We need to be active in trying to promote recycling and do everything we can to educate U.S. consumers that there is a good end market for recycled materials, Geiger said in an interview.
Supply was the hot-button issue [when the Association of Postconsumer Plastic Recyclers was formed in 1995] and the hot-button issue today is supply, said Scott Saunders, chairman of Washington-based APR and general manager of KW Plastics Recycling. KW, of Troy, Ala., is one of the two largest HDPE recyclers in the U.S.
We are at a crossroads in this industry because of supply issues, Saunders said. We are limited in growth by the supply we can get.
Even worse, the barrier to growth is occurring when demand is at an all-time high.
Scott Mouw, recycling director of the state of North Carolina, said: The pace and the amount of business getting done in plastics recycling is incredible. Reclaimers are getting good signals from the marketplace they sell into and seeing more commitment on the part of brand owners.
But the looming cloud of supply issues is more present than in the past, Mouw said. The supply issue is becoming more acute. You can sense that.
The market is not working, said environmental specialist Kent Foerster, who works on recycling, waste reduction and sustainable materials strategies for the U.S. Environmental Protection Agency.
It is dysfunctional, as you are not getting the materials you need, Foerster told those gathered for the Plastics Recycling Conference.
The dreaded feeling in the recycling industry stems from a growing sense that the current infrastructure for plastics collection doesn't hold much promise for adding materials at levels needed to meet demand, despite several recycling association-sponsored initiatives under way to expand supply.
Since late 2008, the National Association for PET Container Resources has been working with recyclers and materials recovery facilities in the U.S. and Canada to address technical issues associated with recycling the huge variety of sizes and shapes of thermoformed PET clamshells, boxes, trays, cups and lids.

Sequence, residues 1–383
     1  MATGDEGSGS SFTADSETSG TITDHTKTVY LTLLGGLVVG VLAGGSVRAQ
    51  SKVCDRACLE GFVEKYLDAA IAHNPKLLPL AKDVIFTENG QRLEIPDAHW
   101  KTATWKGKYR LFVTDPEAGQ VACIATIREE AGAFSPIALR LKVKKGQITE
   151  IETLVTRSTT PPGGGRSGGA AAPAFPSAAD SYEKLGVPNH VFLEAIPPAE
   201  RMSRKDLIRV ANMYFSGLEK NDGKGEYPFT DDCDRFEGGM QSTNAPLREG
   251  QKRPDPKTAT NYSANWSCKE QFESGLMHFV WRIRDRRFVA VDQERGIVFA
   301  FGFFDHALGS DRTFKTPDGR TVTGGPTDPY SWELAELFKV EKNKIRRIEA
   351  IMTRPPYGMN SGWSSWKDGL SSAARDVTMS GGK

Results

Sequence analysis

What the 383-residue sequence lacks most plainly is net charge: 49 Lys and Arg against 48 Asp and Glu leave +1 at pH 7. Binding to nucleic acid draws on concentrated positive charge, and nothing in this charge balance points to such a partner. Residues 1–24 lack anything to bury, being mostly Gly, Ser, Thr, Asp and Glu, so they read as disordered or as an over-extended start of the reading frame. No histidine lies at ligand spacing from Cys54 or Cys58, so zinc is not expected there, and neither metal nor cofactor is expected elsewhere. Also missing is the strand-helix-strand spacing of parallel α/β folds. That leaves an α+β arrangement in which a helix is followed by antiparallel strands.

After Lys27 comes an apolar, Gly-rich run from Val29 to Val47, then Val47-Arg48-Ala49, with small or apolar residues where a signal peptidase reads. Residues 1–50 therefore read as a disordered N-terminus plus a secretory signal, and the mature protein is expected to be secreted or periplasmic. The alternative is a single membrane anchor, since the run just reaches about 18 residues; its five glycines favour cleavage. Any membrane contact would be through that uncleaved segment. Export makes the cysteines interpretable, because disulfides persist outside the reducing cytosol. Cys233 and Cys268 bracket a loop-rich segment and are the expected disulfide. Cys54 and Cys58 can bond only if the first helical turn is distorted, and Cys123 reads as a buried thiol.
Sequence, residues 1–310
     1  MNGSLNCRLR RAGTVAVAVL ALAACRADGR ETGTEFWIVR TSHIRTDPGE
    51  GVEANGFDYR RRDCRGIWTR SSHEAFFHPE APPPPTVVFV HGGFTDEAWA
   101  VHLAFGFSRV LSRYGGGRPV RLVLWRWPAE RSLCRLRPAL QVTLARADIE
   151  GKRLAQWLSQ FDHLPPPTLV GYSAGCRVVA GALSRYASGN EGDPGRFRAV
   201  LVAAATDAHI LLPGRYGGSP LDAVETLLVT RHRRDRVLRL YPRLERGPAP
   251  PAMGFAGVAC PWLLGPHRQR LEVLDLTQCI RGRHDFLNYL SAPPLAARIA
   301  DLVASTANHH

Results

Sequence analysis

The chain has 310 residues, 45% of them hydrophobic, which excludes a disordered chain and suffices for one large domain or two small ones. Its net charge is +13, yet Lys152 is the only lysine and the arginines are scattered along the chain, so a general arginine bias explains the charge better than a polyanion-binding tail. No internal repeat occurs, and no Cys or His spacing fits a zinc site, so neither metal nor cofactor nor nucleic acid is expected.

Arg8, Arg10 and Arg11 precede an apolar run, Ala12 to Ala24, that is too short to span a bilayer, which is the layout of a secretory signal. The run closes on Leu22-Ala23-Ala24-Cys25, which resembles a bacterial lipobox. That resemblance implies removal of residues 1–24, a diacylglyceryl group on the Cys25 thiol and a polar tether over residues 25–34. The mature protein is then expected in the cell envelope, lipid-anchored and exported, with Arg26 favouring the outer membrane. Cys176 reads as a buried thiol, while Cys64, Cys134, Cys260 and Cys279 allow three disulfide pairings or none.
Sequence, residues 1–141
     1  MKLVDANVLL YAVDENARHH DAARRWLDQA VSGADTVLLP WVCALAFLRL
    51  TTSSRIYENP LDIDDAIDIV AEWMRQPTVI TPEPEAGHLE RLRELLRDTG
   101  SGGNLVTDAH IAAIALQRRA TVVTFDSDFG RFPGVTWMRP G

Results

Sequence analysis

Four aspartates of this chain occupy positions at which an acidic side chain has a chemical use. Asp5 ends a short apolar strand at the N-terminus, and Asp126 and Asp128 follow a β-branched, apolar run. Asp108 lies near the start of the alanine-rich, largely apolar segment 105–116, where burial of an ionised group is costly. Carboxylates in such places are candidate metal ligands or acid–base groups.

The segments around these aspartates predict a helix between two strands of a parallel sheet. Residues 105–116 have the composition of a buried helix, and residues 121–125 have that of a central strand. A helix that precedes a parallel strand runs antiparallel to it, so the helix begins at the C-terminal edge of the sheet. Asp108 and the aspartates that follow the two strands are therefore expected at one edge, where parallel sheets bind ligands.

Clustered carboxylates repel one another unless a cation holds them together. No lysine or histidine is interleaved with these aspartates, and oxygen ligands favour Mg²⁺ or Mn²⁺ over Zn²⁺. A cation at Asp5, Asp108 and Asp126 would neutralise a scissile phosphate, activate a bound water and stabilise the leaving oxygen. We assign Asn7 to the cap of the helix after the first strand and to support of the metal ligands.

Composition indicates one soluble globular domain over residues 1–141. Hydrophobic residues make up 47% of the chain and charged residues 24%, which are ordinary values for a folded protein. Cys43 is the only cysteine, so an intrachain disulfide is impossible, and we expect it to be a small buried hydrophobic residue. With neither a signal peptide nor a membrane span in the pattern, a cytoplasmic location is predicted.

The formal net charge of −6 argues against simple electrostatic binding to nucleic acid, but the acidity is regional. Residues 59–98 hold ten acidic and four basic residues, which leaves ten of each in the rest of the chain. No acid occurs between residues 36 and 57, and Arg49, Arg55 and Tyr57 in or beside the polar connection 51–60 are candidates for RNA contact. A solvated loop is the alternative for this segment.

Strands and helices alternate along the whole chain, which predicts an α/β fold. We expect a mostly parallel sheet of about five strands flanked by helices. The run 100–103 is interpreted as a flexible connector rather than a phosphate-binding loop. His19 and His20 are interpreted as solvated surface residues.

APR is working to increase the recycling of non-bottle rigid plastics by developing specifications for seven different types of bales in that market, with the first two of those specifications completed and released earlier this month.
In my mind, we've reached the limits of what the current infrastructure can produce, said Mouw. If you look at the growth curve in recycling rates, it's moving up and creeping up by small percentage points and that's what we face if we don't do something different.
If we're going to just keep doing what we've been doing, we are only going to get incremental progress, Mouw said. He added that local communities don't have enough of an incentive or benefit to grow their recycling programs, particularly given the budget crunches at both municipal and state levels.
Ted Siegler, a partner in DSM Environmental Services Inc. in Windsor, Vt., agreed. It is difficult for states and cities to define recycling as essential when compared to education, highways, Medicare and Medicaid.
Siegler also said it's time for industry to fund not just the reclamation plants needed to reprocess recycled plastics, but the collection infrastructure itself to get the recycled resin it needs.
If the industry wants more plastics and is serious about significantly increasing the supply of plastics, they are going to have to fund the infrastructure the collection, processing and reclamation of plastics, Siegler said.